The "90's-100%" humidity figures reflect actual late night/wee hour humidity (is my assumption), while DAYTIME figures are in the 75% range (according to many other websites - ALL others that I've seen), not the other way around.
My guess is that this error will be corrected.


Even so, humidity that drops into the 70s by late afternoon is still high for San Francisco summer; we're having a humid season is all.
I wouldn't fly to Portland, however, where the percentages are only around 10% better.  

Henriette - Sorry you, too, are suffering with strange summer weather.


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san j
Friday, August 15, 2014, 1:39am Report to Moderator Report to Moderator

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I'm just wondering if sensitivity to this humidity is a particularly B or Nomad Thing.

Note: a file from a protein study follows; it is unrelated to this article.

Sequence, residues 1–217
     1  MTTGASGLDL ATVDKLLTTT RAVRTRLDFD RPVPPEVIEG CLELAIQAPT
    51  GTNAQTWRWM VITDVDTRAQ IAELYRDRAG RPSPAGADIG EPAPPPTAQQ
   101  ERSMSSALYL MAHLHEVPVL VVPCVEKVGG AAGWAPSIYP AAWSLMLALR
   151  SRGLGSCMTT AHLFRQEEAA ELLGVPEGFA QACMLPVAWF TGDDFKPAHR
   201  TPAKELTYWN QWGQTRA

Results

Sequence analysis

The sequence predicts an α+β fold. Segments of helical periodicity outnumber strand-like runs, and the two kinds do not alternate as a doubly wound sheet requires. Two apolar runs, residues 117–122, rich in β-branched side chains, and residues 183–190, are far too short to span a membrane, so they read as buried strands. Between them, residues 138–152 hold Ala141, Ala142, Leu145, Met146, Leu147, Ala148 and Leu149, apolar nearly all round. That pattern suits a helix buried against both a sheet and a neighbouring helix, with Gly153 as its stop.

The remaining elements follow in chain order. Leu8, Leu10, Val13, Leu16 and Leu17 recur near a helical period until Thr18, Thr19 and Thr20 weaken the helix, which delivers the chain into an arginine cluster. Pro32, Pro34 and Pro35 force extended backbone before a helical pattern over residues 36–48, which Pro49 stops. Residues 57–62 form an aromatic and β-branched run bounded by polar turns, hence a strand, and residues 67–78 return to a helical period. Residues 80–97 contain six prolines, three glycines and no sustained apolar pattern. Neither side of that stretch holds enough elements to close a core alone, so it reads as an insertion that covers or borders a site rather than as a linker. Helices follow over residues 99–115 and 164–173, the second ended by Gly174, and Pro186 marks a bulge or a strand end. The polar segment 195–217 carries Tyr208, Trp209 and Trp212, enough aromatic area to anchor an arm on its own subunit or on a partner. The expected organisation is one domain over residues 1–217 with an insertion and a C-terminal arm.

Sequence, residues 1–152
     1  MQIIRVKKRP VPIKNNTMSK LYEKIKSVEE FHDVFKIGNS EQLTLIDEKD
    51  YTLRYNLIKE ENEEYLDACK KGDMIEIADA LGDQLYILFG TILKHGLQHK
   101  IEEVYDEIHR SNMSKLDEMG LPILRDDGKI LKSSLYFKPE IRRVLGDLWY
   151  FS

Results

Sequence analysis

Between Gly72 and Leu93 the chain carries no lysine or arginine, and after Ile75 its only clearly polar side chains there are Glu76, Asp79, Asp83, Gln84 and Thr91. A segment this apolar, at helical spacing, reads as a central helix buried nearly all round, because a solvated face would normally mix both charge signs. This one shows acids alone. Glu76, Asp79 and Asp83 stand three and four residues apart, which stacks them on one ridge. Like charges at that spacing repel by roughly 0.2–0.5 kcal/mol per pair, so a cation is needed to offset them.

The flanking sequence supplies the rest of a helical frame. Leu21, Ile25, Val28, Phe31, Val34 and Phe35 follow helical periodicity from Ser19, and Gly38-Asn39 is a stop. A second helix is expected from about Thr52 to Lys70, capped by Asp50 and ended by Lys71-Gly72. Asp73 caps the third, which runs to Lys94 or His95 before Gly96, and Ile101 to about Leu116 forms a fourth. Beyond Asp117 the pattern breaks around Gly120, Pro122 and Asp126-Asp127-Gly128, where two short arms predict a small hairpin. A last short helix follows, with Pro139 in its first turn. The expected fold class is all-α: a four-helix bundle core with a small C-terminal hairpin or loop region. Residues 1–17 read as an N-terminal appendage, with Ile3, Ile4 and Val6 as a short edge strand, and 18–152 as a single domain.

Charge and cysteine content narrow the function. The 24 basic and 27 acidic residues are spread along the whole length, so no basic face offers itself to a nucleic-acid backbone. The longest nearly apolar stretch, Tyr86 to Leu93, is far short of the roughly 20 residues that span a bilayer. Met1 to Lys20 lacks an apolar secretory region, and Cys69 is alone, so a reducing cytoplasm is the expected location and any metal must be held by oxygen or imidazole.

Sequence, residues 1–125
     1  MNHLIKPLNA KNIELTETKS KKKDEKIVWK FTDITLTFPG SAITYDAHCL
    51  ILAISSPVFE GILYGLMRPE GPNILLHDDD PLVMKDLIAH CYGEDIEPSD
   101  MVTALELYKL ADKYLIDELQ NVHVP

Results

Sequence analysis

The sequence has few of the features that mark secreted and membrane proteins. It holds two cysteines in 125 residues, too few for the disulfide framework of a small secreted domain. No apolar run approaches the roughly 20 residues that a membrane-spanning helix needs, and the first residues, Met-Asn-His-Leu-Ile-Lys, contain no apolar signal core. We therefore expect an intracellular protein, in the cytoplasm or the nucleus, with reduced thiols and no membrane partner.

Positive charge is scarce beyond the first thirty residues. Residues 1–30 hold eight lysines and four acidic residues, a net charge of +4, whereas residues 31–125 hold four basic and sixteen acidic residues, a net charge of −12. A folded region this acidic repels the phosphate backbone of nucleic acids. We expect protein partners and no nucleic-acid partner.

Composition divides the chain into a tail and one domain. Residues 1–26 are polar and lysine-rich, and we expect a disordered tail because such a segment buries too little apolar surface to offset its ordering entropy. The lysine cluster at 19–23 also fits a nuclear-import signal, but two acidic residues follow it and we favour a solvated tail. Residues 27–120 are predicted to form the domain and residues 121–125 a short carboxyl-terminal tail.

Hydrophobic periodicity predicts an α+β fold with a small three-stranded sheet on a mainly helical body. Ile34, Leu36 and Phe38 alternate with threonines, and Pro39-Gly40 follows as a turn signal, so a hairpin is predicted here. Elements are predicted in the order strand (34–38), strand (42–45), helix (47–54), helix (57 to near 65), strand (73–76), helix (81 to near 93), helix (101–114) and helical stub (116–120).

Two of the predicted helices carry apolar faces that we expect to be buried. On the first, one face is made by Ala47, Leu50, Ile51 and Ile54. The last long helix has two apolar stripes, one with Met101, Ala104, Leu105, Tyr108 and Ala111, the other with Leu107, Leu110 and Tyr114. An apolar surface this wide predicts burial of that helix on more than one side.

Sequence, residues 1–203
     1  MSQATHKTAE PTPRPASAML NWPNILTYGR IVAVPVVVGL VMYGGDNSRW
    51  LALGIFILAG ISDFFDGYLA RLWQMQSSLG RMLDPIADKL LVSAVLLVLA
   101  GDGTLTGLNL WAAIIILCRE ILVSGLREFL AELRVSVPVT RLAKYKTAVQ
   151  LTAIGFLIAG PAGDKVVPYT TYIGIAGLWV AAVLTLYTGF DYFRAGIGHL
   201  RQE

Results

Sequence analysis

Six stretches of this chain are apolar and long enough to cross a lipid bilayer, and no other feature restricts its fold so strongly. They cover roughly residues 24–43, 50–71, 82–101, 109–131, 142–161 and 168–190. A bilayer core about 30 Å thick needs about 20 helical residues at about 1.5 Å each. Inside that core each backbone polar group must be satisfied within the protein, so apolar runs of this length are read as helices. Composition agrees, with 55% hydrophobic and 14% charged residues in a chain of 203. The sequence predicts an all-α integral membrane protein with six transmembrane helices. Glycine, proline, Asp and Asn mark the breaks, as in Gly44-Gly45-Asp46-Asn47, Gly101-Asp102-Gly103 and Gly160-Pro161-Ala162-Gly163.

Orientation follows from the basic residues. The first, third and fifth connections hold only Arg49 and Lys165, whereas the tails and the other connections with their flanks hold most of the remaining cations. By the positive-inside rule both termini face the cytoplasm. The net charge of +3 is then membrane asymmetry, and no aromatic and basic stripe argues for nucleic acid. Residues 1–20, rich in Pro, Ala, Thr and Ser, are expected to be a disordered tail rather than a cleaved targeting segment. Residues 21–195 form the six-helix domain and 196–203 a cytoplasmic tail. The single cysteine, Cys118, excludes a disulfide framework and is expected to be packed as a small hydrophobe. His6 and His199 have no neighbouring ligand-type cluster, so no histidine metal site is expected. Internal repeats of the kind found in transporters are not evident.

I'm getting the feeling not everyone is as sensitive to this as I am.

All over the neighborhood, interiors are muggy, particularly those with refrigerators (emitting heat), while out of doors the cool breeze makes the air feel almost normal.


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susanC
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san j--I am in Burlingame.  Not too far south of you.  I'm not surprised to hear that the humidity has been the highest in the middle of the night.  The nights have been so still--no breeze at all.  I don't have to tell you.  Sounds like it's humid all over the world this summer--Denmark and Cajun is complaining even about the desert in SoCal.